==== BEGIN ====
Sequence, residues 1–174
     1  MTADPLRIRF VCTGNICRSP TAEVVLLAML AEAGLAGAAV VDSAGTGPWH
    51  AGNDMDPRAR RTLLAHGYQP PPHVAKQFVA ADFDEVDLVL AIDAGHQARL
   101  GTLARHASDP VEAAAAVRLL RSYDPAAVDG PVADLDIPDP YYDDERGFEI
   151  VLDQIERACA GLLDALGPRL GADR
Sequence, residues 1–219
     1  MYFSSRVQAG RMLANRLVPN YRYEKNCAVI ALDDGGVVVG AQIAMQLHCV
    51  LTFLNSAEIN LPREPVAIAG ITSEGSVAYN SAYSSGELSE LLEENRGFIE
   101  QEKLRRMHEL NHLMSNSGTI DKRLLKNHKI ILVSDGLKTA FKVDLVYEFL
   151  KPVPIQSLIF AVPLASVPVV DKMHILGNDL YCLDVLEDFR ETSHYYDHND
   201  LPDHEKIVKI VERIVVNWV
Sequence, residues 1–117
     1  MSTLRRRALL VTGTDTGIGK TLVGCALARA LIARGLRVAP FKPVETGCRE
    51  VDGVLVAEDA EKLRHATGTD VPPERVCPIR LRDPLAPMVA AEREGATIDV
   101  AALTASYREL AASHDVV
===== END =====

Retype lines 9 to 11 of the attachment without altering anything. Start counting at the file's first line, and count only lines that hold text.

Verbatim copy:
   101  QEKLRRMHEL NHLMSNSGTI DKRLLKNHKI ILVSDGLKTA FKVDLVYEFL
   151  KPVPIQSLIF AVPLASVPVV DKMHILGNDL YCLDVLEDFR ETSHYYDHND
   201  LPDHEKIVKI VERIVVNWV